We had another half day of sightseeing Monday afternoon and it was absolutely fantastic.
We first visited Le Domus Valentini. Beneath Palazzo Valentini lay the remains of ancient Roman houses and Renaissance buildings. Fragments of dinner scraps, dining ware, floors and sculptures were found in these nearly 2,000 year-old ruins of homes, bath houses and lounges. For example, there were shards of flooring excavated and pieced back together to exemplify what the colorful and varied marble floors looked like when these houses were full of conversation and life. This is a beautiful example of how people lived hundreds and thousands of years ago, and I would definitely recommend it.
Outside of the ruins stands Trajan’s Column, which is a 126-foot marble pillar that depicts the Roman emperor Trojan’s victory over the Dacians. One hundred fifty-five pictures of Dacian’s troops are carved scene by scene on this pillar, which are meant to be read from bottom to top. It is likely that the pictures were originally colored, making it one of the first examples of a colored comic/story book.
Once we were done with the one-and-a-half-hour tour of the ruins, we headed over to the Monument of Victor Emmanuel, the Altare della Patria. This building was created to honor Victor Emmanuel, the first king of unified Italy. It is also the tomb of the unknown soldier. Apparently Romans think this is one of the most hideous and offensive buildings possible due to its non-Roman white color and refer to it as the wedding cake. We climbed up as far as we could go, and then took the elevator to the top, which was 7 euros. Professor Hillebrand pointed out where several points of interest were as we took in the views of the Eternal City.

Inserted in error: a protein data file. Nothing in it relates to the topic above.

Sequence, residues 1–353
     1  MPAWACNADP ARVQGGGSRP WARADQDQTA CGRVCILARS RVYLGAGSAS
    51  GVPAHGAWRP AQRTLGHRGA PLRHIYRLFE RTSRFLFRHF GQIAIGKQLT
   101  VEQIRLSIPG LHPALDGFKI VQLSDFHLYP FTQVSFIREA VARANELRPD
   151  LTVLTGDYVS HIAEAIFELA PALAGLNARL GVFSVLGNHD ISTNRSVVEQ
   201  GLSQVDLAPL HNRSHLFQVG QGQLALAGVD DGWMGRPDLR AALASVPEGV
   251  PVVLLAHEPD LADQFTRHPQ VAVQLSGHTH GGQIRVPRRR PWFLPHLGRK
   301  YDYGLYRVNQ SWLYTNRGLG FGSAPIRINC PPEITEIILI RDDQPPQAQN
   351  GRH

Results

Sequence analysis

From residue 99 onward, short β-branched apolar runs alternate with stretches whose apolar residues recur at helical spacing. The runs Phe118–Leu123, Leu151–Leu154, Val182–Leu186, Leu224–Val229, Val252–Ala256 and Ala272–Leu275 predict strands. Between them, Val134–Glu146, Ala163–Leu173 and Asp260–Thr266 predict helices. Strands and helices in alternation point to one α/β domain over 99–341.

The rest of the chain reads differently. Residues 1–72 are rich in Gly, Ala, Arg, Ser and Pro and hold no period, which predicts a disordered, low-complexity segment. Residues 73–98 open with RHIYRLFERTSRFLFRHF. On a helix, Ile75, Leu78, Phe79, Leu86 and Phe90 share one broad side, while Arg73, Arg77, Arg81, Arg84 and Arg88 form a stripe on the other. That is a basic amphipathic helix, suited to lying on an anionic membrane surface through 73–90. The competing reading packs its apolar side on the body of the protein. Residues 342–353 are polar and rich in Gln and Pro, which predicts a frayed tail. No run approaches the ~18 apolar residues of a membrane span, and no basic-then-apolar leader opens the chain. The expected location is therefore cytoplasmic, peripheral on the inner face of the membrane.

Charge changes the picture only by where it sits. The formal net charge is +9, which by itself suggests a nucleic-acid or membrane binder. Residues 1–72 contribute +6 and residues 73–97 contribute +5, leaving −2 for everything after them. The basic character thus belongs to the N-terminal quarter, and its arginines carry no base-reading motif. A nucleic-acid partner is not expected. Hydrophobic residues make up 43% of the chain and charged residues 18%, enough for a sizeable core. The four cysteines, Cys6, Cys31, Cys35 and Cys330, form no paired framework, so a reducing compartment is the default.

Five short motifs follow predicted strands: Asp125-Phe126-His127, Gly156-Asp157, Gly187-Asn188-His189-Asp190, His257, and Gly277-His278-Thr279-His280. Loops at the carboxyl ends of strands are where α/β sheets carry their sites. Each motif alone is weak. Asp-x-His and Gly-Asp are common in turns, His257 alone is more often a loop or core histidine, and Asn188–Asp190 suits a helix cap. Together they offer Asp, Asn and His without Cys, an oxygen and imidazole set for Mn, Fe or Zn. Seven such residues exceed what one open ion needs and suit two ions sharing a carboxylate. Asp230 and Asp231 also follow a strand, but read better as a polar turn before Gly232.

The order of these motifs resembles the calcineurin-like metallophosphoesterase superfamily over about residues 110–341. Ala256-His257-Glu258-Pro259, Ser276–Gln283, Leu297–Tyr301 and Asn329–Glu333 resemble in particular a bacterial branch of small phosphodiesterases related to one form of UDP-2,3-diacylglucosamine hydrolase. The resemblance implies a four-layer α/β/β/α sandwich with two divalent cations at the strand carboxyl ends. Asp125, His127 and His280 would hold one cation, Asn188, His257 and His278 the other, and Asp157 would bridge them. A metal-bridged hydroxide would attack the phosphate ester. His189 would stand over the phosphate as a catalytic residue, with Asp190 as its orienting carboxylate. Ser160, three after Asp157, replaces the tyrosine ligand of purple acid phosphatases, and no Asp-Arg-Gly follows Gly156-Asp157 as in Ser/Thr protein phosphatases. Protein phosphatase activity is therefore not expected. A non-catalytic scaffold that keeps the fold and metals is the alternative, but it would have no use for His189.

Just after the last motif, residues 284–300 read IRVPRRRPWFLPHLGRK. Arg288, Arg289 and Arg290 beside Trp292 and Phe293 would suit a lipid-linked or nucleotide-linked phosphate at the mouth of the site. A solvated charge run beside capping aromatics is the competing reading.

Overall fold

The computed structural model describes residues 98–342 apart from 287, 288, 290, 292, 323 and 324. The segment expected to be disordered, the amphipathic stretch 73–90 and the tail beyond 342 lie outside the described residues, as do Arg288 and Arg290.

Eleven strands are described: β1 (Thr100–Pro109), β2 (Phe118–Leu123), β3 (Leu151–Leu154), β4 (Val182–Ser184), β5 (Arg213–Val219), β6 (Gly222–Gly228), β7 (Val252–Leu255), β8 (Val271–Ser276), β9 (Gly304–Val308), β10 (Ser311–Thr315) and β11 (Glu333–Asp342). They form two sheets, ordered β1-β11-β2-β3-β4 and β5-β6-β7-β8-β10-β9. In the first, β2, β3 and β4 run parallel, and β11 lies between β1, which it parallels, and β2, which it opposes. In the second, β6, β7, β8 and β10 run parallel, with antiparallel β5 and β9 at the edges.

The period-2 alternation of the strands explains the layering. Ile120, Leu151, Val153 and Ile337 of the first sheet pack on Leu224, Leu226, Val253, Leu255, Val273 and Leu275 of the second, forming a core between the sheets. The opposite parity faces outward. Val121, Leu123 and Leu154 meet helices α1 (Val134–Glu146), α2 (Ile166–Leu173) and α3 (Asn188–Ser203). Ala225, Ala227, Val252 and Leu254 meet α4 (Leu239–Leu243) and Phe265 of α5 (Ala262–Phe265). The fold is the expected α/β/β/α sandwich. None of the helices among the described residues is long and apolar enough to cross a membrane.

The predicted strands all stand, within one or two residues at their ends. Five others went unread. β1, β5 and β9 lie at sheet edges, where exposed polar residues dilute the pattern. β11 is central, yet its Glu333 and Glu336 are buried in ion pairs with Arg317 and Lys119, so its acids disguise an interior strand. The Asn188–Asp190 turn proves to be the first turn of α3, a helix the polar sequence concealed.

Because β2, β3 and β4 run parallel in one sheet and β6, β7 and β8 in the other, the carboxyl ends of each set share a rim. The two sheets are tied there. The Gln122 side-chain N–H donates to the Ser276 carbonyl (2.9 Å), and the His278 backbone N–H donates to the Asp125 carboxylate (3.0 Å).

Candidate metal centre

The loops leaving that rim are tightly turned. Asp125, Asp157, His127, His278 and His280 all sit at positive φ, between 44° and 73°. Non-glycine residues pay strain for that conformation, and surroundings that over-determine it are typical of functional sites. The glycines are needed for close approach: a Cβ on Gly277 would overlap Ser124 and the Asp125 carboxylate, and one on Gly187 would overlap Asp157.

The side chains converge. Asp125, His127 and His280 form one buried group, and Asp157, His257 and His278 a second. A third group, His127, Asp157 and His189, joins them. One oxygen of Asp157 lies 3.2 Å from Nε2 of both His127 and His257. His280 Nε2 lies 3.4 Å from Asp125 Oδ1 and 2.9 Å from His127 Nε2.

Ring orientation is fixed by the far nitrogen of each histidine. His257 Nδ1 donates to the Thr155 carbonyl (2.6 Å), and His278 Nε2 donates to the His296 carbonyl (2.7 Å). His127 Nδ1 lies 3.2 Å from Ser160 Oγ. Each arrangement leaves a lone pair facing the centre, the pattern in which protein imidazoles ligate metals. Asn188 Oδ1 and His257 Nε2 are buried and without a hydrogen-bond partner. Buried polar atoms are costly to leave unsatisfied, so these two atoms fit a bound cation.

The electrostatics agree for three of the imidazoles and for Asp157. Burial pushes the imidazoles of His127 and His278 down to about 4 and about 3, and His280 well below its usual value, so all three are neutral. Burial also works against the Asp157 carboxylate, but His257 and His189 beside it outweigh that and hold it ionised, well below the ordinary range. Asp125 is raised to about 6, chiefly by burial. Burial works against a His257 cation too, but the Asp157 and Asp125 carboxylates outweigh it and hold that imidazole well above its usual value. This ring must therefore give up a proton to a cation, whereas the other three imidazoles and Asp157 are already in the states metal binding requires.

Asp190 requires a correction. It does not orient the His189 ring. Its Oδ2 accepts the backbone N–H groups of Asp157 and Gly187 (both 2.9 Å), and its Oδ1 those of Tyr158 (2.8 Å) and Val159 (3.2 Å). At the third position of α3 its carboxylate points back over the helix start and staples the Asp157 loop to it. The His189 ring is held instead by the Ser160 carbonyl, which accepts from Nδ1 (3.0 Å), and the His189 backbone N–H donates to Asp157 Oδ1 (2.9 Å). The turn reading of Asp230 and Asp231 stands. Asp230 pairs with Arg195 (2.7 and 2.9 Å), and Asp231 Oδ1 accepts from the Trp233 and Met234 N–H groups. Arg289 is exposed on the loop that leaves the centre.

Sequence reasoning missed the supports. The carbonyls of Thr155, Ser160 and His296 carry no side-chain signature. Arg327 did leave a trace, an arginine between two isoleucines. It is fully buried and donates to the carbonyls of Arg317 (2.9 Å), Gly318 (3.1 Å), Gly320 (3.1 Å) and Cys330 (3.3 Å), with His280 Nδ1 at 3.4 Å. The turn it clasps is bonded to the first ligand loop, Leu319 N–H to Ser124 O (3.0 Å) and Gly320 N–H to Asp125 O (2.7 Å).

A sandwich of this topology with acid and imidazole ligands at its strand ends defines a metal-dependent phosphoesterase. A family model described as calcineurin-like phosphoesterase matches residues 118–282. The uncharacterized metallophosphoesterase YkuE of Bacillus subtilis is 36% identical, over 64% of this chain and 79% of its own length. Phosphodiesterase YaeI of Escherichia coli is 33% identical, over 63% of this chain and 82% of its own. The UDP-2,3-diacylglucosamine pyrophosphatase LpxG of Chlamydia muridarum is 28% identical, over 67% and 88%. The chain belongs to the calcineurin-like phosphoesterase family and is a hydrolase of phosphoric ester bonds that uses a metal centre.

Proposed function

After we were done exploring, we said “Goodbye,” to our teachers and we had nothing on our agenda for the rest of the night. We decided to eat at a Chinese restaurant, as a suggestion by our Taiwanese graduate student, Amy. It was actually very satisfactory and did not break the bank. After dinner, we worked on our homework assignment together, which was to brainstorm ideas we can suggest for Shoot4Change.
After our very successful brainstorm session, we went out and tried Roman nightlife. Most of the clubs that we heard about or found on Google were a fifteen minute walk, and a large portion of the group was not up for that. So, we decided on a pub called Morrsion’s, which another study abroad student staying at St. John’s recommended. It actually ended up being a really fun night. Everyone ordered drinks at the bar and then sat in the back room, which had booths and tables. We had the whole room to ourselves and it was nice getting to chat with everyone and become more acquainted with one another.
There’s nothing like celebrating America’s Independence Day by eating at a Chinese restaurant and going to an Irish Pub. I was unsurprisingly in the first group of people to leave the bar and head back to campus. The five of us who went back early stayed up and chatted in one of our dorm rooms before turning in for the night.